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Dr. Brandon Manley is a urologic oncologist at the Moffitt Cancer Center in Tampa, Florida. He received a 2020 Young Investigator Award for an “Investigation of the Aberrant Epidermal Growth Factor Receptor Splicing Proteome to Determine Drug Repurposing Strategies for ccRCC”, which examines how EGFR, an effective drug target in various cancers, could be useful in kidney cancer.

We spoke with Dr. Manley about his work and what it means for patients.

Splicing lets cells make multiple different proteins from one set of genes. Can you describe how that figures into your research project?

Dr. Manley: Our project takes a deeper dive at some epidermal growth factor receptor (EGFR) splice variants that we’ve recently identified in clear cell kidney cancer. EGFR has been a well-known oncogene for generations and there are a lot of drugs targeting it. EGFR sets off a whole chain of reactions that allows cells to grow and proliferate, which is not good in the cancer setting. Clear cell kidney cancer has not demonstrated to be susceptible to EGFR-targeting drugs, but we haven’t tried for the last 10 years. We didn’t see the classic mutations in EGFR that are present in lung cancer, for example, where EGFR inhibitors are synonymous with treatment. And with immunotherapy coming about, people sort of said, ok let’s move on and focus on that.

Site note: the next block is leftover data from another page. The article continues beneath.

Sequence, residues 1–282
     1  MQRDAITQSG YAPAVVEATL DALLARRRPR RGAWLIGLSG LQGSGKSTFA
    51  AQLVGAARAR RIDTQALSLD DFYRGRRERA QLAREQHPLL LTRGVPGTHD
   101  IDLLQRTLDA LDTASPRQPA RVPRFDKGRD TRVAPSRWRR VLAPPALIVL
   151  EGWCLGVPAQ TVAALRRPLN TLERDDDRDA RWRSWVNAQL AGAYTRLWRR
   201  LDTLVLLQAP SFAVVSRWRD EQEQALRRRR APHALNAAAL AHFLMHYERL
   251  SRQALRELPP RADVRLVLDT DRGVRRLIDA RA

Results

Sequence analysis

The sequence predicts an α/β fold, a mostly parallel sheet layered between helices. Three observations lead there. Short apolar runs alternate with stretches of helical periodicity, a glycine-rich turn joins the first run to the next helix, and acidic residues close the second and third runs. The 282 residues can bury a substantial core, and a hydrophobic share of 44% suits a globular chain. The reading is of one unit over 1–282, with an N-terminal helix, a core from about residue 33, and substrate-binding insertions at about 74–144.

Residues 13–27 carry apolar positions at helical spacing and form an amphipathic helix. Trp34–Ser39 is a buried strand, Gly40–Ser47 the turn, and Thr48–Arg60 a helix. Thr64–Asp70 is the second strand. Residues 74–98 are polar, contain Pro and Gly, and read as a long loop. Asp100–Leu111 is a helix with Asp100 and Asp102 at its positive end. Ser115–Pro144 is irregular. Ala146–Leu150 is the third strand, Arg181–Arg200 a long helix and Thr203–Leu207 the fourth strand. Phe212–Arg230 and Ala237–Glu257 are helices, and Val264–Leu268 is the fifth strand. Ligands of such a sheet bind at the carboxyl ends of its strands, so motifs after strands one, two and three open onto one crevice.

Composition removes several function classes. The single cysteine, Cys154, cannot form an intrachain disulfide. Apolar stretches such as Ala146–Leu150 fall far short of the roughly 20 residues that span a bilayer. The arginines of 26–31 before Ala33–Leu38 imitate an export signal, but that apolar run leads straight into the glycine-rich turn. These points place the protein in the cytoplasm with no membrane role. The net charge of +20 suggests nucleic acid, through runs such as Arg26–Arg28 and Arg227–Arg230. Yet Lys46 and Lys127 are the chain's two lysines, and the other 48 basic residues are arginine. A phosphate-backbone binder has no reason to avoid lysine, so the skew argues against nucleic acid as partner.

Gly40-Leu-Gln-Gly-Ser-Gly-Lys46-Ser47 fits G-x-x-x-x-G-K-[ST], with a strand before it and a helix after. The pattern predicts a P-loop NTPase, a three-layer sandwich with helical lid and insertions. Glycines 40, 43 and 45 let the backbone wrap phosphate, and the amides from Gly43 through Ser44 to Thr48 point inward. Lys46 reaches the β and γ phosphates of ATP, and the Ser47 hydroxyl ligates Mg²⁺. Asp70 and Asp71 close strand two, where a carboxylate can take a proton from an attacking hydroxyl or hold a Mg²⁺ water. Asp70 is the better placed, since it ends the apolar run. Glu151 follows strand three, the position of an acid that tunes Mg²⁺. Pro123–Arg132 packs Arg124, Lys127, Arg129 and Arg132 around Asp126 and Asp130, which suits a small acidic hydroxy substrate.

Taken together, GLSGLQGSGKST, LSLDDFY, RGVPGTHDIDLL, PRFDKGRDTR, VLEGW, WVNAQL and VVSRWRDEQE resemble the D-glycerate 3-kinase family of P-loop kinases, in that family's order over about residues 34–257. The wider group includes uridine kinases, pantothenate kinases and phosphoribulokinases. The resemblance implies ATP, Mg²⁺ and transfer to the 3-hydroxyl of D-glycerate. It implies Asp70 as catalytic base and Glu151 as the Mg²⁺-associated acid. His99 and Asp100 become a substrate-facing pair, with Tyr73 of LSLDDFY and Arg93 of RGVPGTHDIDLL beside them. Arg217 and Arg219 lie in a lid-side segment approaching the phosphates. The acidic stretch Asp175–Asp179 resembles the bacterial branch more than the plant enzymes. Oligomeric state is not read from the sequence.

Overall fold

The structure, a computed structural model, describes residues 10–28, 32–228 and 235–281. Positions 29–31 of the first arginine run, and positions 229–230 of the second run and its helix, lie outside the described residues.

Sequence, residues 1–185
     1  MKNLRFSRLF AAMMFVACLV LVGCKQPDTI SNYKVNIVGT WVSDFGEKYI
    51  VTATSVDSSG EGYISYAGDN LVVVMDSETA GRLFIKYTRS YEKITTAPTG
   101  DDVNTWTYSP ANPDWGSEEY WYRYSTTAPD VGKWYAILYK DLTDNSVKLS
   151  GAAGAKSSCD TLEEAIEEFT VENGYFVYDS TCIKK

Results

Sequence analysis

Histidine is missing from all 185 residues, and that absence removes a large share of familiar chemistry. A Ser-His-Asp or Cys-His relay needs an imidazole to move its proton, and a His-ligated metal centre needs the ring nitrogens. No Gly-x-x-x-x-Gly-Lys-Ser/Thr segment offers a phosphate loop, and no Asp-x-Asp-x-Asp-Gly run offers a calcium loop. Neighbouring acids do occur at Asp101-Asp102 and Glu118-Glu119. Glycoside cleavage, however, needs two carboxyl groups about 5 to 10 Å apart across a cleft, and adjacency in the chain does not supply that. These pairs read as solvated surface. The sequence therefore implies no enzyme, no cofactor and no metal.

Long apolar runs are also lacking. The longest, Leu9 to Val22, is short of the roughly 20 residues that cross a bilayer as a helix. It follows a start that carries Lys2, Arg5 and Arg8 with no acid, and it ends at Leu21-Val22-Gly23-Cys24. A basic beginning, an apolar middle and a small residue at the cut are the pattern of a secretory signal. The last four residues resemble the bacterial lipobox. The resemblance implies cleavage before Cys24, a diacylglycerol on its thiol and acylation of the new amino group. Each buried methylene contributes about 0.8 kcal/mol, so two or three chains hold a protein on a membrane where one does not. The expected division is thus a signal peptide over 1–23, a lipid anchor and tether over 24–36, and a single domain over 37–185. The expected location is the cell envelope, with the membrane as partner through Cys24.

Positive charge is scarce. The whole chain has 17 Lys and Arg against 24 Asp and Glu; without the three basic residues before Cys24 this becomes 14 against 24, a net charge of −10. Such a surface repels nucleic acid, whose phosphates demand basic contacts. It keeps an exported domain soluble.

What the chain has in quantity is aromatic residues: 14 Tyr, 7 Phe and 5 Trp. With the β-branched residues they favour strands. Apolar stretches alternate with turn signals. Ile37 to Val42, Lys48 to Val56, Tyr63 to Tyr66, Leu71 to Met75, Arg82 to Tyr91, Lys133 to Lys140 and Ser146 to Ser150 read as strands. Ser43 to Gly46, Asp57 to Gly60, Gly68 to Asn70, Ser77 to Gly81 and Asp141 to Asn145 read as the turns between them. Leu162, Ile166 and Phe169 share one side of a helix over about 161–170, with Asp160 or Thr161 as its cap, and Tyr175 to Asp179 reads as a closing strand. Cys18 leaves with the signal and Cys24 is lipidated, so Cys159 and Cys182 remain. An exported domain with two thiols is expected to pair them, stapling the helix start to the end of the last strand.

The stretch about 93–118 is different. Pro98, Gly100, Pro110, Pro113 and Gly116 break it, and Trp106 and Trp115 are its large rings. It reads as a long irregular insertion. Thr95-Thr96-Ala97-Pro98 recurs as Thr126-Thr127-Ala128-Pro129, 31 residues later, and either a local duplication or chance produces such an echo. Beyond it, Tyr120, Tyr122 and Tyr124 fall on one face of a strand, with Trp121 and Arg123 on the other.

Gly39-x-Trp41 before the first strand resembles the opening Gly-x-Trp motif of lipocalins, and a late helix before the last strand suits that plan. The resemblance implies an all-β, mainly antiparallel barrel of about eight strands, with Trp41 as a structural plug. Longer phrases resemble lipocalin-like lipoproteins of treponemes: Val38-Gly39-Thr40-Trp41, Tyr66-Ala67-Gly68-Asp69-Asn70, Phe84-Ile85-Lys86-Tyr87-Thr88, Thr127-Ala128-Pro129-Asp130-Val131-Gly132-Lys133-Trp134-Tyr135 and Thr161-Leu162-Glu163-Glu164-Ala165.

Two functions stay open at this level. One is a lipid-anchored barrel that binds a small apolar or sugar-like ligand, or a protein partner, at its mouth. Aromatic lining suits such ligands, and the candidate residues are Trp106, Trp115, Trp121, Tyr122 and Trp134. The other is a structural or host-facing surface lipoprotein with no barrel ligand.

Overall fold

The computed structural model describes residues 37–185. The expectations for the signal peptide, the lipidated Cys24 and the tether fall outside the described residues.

The EGFR splice variant we discovered is only seen in kidney cancer, unique to the tumor. Usually, at the molecular level, when you see something like that, it means that the tumor is getting some kind of advantage. Our hope is that by better understanding how this ccRCC EGFR splice variant produces different proteins, we may be able to repurpose some of the EGFR-targeting drugs that exist and target treatment for a subset of patients with kidney cancer.

What’s the balance between new drug discovery and drug repurposing in RCC?

Dr. Manley: You have the opportunity, by studying this pathway, to pick from a library of drugs that have already gone through multiple stages of clinical development and that has a more appealing avenue of impact than developing a drug from scratch, which is really expensive and time-consuming – that would be plan A. Plan B would be the long game of saying, if we can’t find the right drug based on what we’ve studied, can we, just by studying these mechanisms, develop a unique one?

What motivates you?

Dr. Manley: One of the things I love about being a surgeon and treating patients with kidney cancer is I get to have an immediate impact on the majority of those patients. At the same time, I’m only helping one patient at a time. With research, I know that, unfortunately, a lot of times a project may not be successful, especially in complex diseases. But the reward is so huge – you know that with one significant breakthrough, we can help possibly millions of patients worldwide, and maybe for the foreseeable future.

Every surgeon will let you know that, even as good as they may be, you can’t cure every patient that way. So we need to look at the bigger picture and also have options, especially for those with more advanced disease.

Is there anything else you’d like others to know?

Dr. Manley: I’ve been fortunate to be going to KCA meetings since I was in training. It’s certainly gratifying to now have some recognition from that committee, and from not just physicians, but patients and advocates for being willing to support these kinds of efforts, and I’m very appreciative of it.

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